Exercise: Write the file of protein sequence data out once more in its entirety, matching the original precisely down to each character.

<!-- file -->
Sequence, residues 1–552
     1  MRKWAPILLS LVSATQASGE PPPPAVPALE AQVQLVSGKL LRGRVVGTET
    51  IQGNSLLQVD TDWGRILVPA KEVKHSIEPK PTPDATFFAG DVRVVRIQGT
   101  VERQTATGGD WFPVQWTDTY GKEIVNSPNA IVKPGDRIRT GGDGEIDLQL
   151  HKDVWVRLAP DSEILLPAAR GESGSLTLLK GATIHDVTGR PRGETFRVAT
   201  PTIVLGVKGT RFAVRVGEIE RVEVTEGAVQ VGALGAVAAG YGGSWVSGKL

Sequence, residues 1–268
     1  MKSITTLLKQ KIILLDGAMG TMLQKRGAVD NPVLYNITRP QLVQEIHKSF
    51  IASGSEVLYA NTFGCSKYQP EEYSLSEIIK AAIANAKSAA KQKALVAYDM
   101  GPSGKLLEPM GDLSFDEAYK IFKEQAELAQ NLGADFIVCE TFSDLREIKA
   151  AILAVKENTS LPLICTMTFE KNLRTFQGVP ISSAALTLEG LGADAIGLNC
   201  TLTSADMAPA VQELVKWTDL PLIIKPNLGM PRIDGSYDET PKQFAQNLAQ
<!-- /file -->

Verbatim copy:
Sequence, residues 1–552
     1  MRKWAPILLS LVSATQASGE PPPPAVPALE AQVQLVSGKL LRGRVVGTET
    51  IQGNSLLQVD TDWGRILVPA KEVKHSIEPK PTPDATFFAG DVRVVRIQGT
   101  VERQTATGGD WFPVQWTDTY GKEIVNSPNA IVKPGDRIRT GGDGEIDLQL
   151  HKDVWVRLAP DSEILLPAAR GESGSLTLLK GATIHDVTGR PRGETFRVAT
   201  PTIVLGVKGT RFAVRVGEIE RVEVTEGAVQ VGALGAVAAG YGGSWVSGKL

Sequence, residues 1–268
     1  MKSITTLLKQ KIILLDGAMG TMLQKRGAVD NPVLYNITRP QLVQEIHKSF
    51  IASGSEVLYA NTFGCSKYQP EEYSLSEIIK AAIANAKSAA KQKALVAYDM
   101  GPSGKLLEPM GDLSFDEAYK IFKEQAELAQ NLGADFIVCE TFSDLREIKA
   151  AILAVKENTS LPLICTMTFE KNLRTFQGVP ISSAALTLEG LGADAIGLNC
   201  TLTSADMAPA VQELVKWTDL PLIIKPNLGM PRIDGSYDET PKQFAQNLAQ